UST 10yr Yield 1.95-2.32%

SPX 2080-2117
RUT 1214-1243
USD 93.25-95.43
EUR/USD 1.10-1.14
Oil (WTI) 55.47-61.71


Best of luck out there today,



Keith R. McCullough
Chief Executive Officer


Early Surprises - z 05.14.15 chart


Takeaway: Don’t put too much stock in the new casino openings but given the sentiment, Phase 2 could surprise to the upside for HK.0027 and Macau


Macau stocks appear ripe for a rip to the upside, potentially aided by short covering.  The opening of Galaxy Phase 2 yesterday could provide that catalyst.  Our contacts (competitors included) praised the new product and the well executed opening and noted big crowds and importantly, mostly unaffected traffic at existing Cotai casinos.  We remain focused on the underappreciated degradation in the base mass business but the near-term trade could be higher given the horrid investor sentiment overall and capacity concerns specifically. 


Yesterday’s opening of the 2nd phase of Galaxy Macau appears to have been a success.  We typically don’t place too much emphasis on the initial performance of new casino openings and we won’t have a good gauge on the success of Phase 2 or its impact on Macau for several months.  However, with the smooth opening, product quality and strong traffic, the new property could allay some near-term investor fears that the upcoming supply growth will be entirely cannibalistic.  More importantly, the other Cotai properties generated consistent traffic flow for a Wednesday, providing at least a glimmer of hope that Phase 2 can grow the Macau market.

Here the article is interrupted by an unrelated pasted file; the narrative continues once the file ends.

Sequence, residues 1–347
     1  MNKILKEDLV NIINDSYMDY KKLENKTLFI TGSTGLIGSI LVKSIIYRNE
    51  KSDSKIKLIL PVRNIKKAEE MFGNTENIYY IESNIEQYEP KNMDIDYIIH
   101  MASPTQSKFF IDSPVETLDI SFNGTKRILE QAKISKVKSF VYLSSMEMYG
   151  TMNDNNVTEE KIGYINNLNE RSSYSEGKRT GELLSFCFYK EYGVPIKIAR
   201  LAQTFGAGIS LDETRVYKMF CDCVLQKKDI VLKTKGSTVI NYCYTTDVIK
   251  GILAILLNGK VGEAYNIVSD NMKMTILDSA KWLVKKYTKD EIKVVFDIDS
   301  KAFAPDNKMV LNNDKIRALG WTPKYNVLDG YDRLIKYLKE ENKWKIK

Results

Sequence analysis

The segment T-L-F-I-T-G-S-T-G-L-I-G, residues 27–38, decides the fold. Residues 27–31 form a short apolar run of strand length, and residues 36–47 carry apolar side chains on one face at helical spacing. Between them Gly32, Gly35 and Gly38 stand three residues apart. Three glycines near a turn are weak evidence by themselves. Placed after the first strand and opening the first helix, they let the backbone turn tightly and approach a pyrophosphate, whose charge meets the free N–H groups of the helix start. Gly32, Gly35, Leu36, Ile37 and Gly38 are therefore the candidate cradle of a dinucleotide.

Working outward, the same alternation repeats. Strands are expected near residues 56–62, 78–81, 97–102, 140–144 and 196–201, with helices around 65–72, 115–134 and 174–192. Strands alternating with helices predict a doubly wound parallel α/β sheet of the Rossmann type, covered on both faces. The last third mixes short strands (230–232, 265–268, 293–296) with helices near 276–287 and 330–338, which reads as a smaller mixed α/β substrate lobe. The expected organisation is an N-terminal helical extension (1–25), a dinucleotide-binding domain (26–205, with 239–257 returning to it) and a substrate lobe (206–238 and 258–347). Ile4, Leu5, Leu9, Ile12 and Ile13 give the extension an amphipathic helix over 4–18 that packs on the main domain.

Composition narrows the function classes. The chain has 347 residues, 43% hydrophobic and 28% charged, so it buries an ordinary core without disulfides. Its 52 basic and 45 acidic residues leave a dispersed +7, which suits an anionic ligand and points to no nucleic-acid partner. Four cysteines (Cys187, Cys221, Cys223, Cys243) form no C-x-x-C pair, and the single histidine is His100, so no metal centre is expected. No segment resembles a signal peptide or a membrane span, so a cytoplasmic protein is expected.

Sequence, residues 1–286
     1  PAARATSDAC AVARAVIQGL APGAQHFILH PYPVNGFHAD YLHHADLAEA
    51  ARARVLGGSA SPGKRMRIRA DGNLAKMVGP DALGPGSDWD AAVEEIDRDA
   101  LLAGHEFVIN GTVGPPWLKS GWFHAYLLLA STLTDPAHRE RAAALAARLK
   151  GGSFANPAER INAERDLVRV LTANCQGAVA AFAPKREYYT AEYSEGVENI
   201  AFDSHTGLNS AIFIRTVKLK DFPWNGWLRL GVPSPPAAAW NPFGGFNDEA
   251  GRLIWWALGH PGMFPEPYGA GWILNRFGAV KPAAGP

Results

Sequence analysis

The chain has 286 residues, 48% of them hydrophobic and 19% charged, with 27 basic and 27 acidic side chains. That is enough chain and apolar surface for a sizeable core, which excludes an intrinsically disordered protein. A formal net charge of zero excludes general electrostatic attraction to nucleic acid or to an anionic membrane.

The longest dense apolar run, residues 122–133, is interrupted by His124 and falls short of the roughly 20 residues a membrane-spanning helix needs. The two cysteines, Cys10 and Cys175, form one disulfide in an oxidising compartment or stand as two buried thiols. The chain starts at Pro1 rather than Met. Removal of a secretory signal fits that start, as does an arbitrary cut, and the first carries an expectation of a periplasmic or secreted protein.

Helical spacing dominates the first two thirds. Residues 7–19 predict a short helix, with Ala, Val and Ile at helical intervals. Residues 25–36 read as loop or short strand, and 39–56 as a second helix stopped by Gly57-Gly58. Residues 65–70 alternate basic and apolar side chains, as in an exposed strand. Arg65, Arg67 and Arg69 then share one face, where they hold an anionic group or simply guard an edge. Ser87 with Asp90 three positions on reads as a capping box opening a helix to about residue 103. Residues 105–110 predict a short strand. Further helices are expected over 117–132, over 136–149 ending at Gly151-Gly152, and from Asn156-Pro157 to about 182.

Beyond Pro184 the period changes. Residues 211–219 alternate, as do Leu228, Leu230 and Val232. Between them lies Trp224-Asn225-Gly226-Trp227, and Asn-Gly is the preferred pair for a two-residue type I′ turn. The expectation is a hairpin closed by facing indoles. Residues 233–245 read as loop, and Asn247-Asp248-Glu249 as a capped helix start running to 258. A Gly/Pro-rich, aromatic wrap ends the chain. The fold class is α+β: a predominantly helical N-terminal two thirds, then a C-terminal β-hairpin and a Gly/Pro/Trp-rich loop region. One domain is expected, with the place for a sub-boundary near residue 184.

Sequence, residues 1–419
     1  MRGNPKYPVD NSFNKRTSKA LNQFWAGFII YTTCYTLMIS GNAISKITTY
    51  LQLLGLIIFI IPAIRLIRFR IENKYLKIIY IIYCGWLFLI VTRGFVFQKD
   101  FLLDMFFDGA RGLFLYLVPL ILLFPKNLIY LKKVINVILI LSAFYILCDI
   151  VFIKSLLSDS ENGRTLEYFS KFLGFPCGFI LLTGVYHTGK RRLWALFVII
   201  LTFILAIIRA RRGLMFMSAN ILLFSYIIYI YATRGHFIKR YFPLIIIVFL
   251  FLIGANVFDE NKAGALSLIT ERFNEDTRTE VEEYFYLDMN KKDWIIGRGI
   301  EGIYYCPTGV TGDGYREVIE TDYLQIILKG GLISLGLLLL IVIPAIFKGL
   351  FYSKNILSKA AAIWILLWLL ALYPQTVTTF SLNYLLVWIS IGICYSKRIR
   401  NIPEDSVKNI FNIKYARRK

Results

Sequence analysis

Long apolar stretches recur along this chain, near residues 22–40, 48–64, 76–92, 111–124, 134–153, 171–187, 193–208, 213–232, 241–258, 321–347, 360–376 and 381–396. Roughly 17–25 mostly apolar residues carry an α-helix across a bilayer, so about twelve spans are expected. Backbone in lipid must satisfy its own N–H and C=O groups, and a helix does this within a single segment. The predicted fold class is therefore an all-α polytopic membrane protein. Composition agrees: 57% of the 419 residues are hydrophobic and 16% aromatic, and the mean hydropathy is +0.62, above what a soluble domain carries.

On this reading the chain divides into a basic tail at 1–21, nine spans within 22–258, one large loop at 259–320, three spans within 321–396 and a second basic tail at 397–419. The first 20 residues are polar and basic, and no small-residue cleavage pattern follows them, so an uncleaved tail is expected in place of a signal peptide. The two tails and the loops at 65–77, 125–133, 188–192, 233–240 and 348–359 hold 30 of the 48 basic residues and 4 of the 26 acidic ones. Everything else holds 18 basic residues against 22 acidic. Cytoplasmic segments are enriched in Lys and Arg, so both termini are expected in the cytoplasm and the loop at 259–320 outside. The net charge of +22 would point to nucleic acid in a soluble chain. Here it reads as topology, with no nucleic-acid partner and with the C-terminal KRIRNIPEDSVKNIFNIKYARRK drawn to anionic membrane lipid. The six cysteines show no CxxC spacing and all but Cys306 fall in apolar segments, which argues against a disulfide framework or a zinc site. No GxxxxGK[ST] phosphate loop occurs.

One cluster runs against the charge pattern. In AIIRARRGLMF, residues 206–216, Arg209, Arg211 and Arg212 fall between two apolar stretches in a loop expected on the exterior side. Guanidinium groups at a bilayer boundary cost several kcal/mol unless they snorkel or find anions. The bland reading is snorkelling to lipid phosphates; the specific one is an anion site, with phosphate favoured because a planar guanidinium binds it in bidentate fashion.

Here are some of our takeaways following conversations with Macau contacts:

  • Phase 2 contains 230 tables 
  • VIP rooms could be the nicest in town
  • Ritz Carlton rooms are the nicest in town
  • Peninsula properties may have been a little slower but no discernable drop off in traffic flow at any of the Cotai properties
  • Around 100k people flowed through the property with good gaming activity
  • The former Grand Waldo next door reopened as Broadway and it too experienced a strong opening – 38 tables in total
  • Its uber premium mass gaming area, which is not open yet, could be incremental for Galaxy Macau


A successful opening of Phase 2 looks in the cards and could spark all of the Macau stocks, including HK.0027.  However, keep a trade a trade.  The ongoing potential and market impact of Phase 2 won’t be known for several months.  Moreover, even a consistent performance of the new property may not be able to deter the deterioration in the high margin base mass segment, which is not well understood nor projected by the Street, in our opinion.  

Daily Trading Ranges

20 Proprietary Risk Ranges

Daily Trading Ranges is designed to help you understand where you’re buying and selling within the risk range and help you make better sales at the top end of the range and purchases at the low end.

Burning Yen

Client Talking Points


Yet another down day for the Japanese Yen to new year-to-date lows and the Nikkei ramp on that remains epic – Japanese stocks are up for the 10th day in a row (that hasn’t happened in 27 years) to +18.7% year-to-date vs SPX +3.1%.


Global Bond Yields have returned to the long-term bond investor TREND of falling as Global Growth Expectations slow. The Swiss 10YR is down -2 basis points back to -0.06% and the German 10YR is down -3 basis points to 0.53%. We suggest you stay with those Long Bonds in the U.S. at 2.14%. 


What’s a -6.5% down day at the Shanghai Composite Casino amongst friends? The Chinese will definitely need another round of rumoring tonight – that’s all there is to do as China’s population gets older at its fastest rate, ever #GrowthSlowing.

Asset Allocation


Top Long Ideas

Company Ticker Sector Duration